Ideal cardiovascular health and the prevalence and severity of aortic stenosis in elderly patients

Morten Sengeløv, Susan Cheng, Tor Biering-Sørensen, Kunihiro Matsushita, Suma Konety, Scott D. Solomon, Aaron R. Folsom, Amil M. Shah

Research output: Contribution to journalArticlepeer-review

8 Scopus citations

Abstract

Background--The relationship between ideal cardiovascular health reflected in the cardiovascular health score (CVHS) and valvular heart disease is not known. The purpose of this study was to determine the association of CVHS attainment through midlife to late life with aortic stenosis prevalence and severity in late life. Methods and Results--The following 6 ideal cardiovascular health metrics were assessed in ARIC (Atherosclerosis Risk in Communities) Study participants at 5 examination visits between 1987 and 2013 (visits 1-4 in 1987-1998 and visit 5 in 2011- 2013): smoking, body mass index, total cholesterol, blood pressure, physical activity, and blood glucose. Percentage attained CVHS was calculated in 6034 participants as the sum of CVHS at each visit/the maximum possible score. Aortic stenosis was assessed by echocardiography at visit 5 on the basis of the peak aortic valve velocity. Aortic stenosis was categorized sclerosis, mild stenosis, and moderate-to-severe stenosis. Mean age was 76±5 years, 42% were men, and 22% were black. Mean percentage attained CVHS was 63±14%, and the prevalence of aortic stenosis stages were 15.9% for sclerosis, 4.3% for mild stenosis, and 0.7% for moderate-to-severe stenosis. Worse percentage attained CVHS was associated with higher prevalence of aortic sclerosis (P < 0.001 for trend), mild stenosis (P < 0.001), and moderate-to-severe stenosis (P=0.002), adjusting for age, sex, and race. Conclusions--Greater attainment of ideal cardiovascular health in midlife to late life is associated with a lower prevalence of aortic sclerosis and stenosis in late life in a large cohort of older adults.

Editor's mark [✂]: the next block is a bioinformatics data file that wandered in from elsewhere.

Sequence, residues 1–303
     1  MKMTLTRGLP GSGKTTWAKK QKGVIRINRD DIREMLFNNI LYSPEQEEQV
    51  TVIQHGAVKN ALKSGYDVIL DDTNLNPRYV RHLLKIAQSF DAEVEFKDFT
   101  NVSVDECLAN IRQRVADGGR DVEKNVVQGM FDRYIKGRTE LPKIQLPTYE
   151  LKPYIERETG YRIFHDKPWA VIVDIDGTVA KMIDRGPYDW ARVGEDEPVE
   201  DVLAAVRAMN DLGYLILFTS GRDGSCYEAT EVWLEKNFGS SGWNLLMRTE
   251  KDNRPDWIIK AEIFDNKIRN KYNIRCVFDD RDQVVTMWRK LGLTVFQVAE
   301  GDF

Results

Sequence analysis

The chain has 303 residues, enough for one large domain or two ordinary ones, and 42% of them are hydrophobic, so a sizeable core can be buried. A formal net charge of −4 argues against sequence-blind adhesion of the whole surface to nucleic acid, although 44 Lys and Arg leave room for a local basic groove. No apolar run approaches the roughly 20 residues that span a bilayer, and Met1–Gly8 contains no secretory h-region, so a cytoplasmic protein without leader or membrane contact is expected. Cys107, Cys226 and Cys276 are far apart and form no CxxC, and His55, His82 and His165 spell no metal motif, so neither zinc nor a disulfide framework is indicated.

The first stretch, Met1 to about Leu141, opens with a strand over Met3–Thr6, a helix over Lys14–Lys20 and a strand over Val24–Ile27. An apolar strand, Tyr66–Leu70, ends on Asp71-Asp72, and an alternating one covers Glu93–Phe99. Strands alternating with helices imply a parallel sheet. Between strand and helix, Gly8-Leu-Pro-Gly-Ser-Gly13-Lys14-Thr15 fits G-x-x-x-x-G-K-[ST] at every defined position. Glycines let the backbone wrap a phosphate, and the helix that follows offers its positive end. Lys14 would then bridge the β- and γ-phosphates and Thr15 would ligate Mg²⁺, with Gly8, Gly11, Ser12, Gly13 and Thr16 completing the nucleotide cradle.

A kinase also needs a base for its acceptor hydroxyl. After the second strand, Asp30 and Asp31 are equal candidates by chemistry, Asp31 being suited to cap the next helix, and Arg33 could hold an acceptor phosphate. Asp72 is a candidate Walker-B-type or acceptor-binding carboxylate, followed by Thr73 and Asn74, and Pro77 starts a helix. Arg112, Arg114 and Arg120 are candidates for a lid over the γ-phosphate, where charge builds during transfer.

Original languageEnglish (US)
Article numbere007234
JournalJournal of the American Heart Association
Volume7
Issue number3
DOIs
StatePublished - Feb 1 2018

Bibliographical note

Funding Information:
The ARIC (Atherosclerosis Risk in Communities) Study is performed as a collaborative study, supported by National Heart, Lung, and Blood Institute contracts (HHSN26820 1100005C, HHSN268201100006C, HHSN268201100007C, HHSN268201100008C, HHSN268201100009C, HHSN2682 01100010C, HHSN268201100011C, and HHSN268201100 012C). The work for this manuscript was also supported by National Heart, Lung, and Blood Institute grants K08HL116792 and R01HL135008 (Shah), American Heart

Funding Information:
We thank the staff and participants of the ARIC (Atherosclerosis Risk in Communities) Study for their important contributions.The ARIC (Atherosclerosis Risk in Communities) Study is performed as a collaborative study, supported by National Heart, Lung, and Blood Institute contracts (HHSN26820 1100005C, HHSN268201100006C, HHSN268201100007C, HHSN268201100008C, HHSN268201100009C, HHSN2682 01100010C, HHSN268201100011C, and HHSN268201100 012C). The work for this manuscript was also supported by National Heart, Lung, and Blood Institute grants K08HL116792 and R01HL135008 (Shah), American Heart Association grant 14CRP20380422 (Shah), Watkins Discovery Award from the Brigham and Women's Heart and Vascular Center (Shah), Novo Nordisk Research Foundation grant number NNF15OC0017456 (Sengeløv), and in part by R01-HL131532, R01-HL134168, and a grant from the Ellison Foundation (Cheng)

Funding Information:
Association grant 14CRP20380422 (Shah), Watkins Discovery Award from the Brigham and Women’s Heart and Vascular Center (Shah), Novo Nordisk Research Foundation grant number NNF15OC0017456 (Sengeløv), and in part by R01-HL131532, R01-HL134168, and a grant from the Ellison Foundation (Cheng).

Publisher Copyright:
© 2018 The Authors.

Keywords

  • Aortic stenosis
  • Echocardiography
  • Epidemiology
  • Primary prevention
  • Risk factor

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